International cricket’s oldest rivalry is all set to resume tomorrow with the first leg of back-to-back Ashes series commencing at Trent Bridge. A well-oiled English unit will take on an Australian team which is, for a change, widely regarded as the out-and-out underdog this summer. But as Ashes series over the years have shown, rarely has either team given even an inch away, and this is what makes this epic battle a great experience for connoisseurs throughout the cricketing world.
The Matches and the Grounds
The Ashes has thankfully maintained its tradition of a five-Test series, unlike many other match-ups which are often played in ridiculous two-Test affairs. Trent Bridge at Nottingham will host the series opener from July 10-14, followed by the Lord’s Test from July 18-22. Battle will resume with two more back-to-back Tests – the third Test at Old Trafford in Manchester from August 1-5 and the fourth Test at the Riverside Ground in Chester-le-Street from August 9-13. As has traditionally been, The final Test will be contested at the Oval from August 21-25. Chester-le-Street will be hosting its first Ashes Test, and England have won all four Tests played there till date. However, the hosts have won just four out of 20 Ashes Tests at Trent Bridge, and have won only once at Lord’s in the last 79 years (in 2009). The Oval is the most significant venue in the country, as it hosted the first Test in English soil in 1880 and it was here that the Ashes were born in 1882.
Head To Head and Recent Record
The rich history of Anglo-Australian cricket can be underlined by the fact that the two teams have played each other a record 326 times since 1876-77, with Australia having won 133 times to England’s 102 Tests, 91 games being drawn. Out of these 326 contests, 311 have been Ashes Tests. Australia have played England in England 156 times since the inception of the game, having a narrow edge with 47 wins to England’s 45, 64 games being drawn. There have been a total of 66 Ashes series played – Australia winning 31, England 30 and 5 draws. The most recent Ashes were contested in Australia in 2010-11, when England won 3-1 to record their first series win Down Under in 24 years. The last time the Ashes were played in England was in 2009, when England won 2-1. Australia’s last Ashes series victory came at home in 2006-07, when they whitewashed England 5-0, while their last series win in England was in 2001, when they beat the hosts 4-1.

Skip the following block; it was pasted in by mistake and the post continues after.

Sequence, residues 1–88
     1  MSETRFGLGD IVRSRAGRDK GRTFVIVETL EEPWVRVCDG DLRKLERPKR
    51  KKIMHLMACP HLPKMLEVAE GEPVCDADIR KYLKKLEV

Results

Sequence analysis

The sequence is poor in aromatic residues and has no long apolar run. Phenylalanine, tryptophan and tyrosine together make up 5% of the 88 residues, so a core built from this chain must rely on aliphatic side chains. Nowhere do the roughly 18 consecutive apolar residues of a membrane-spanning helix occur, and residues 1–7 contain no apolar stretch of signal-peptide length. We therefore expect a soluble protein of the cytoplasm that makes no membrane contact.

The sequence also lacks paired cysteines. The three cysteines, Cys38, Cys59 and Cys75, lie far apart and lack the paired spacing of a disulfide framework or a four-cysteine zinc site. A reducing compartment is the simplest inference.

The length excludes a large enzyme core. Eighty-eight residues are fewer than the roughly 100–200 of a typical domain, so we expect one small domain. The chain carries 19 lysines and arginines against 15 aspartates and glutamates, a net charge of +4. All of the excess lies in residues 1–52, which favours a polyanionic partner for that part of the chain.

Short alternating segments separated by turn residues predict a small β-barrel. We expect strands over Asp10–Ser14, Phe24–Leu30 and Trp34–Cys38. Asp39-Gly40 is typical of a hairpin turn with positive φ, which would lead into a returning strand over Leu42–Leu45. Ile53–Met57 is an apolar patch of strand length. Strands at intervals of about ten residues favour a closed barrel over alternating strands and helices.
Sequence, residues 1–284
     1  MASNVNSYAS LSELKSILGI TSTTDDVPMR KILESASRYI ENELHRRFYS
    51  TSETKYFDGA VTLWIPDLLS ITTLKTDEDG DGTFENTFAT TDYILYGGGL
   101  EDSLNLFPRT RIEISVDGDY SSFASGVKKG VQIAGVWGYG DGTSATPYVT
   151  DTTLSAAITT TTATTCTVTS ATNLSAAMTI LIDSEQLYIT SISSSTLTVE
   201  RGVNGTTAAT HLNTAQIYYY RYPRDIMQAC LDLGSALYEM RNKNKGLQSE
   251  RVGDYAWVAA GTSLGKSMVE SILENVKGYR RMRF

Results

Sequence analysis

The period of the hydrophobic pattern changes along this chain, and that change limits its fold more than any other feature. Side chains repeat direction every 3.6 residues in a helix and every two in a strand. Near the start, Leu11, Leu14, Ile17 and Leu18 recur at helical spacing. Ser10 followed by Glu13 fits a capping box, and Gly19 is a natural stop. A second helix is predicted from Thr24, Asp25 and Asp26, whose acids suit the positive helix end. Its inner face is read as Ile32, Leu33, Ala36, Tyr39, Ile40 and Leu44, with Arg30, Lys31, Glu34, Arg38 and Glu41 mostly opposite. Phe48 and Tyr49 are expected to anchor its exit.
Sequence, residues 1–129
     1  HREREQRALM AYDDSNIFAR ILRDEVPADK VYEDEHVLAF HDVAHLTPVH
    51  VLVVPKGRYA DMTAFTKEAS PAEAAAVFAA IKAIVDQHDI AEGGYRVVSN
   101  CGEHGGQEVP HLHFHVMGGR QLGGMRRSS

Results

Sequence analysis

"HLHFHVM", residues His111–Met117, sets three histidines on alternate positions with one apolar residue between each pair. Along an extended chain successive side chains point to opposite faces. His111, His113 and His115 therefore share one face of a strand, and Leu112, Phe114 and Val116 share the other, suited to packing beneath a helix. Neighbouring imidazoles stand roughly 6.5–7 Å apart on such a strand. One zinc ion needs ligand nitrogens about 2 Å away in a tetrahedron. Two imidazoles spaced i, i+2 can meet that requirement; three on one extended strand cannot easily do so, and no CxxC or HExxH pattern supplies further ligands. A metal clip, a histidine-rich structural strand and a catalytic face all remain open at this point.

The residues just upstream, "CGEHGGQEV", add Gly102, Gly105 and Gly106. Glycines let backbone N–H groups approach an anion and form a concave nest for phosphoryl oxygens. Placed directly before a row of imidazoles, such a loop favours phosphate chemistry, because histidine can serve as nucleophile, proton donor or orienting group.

Form Book and Ranking
England put the record straight by achieving a 2-0 win at in a two-Test series at home against New Zealand in May, two months after being held to a 0-0 draw by the Black Caps in the three-Test series away in March. Last summer’s disappointment of losing the three-Test series at home 0-2 to South Africa was balanced out with a historic 2-1 win in the four-Test series in India in the winter – England’s first series win in India in 28 years. Currently, England are ranked 3rd in the Test rankings, four points behind 2nd-placed India and seven points clear of 4th-placed Australia.
Australia’s most recent Test series was a disaster, as they were routed 0-4 in India in March. However, they were impressive in their home summer, blanking Sri Lanka 3-0 and dominating the first two Tests of a three-Test series against champions South Africa, eventually losing 0-1. England have won six and lost two of their last 10 home Tests, while Australia have won three and lost five of their last 10 away Tests.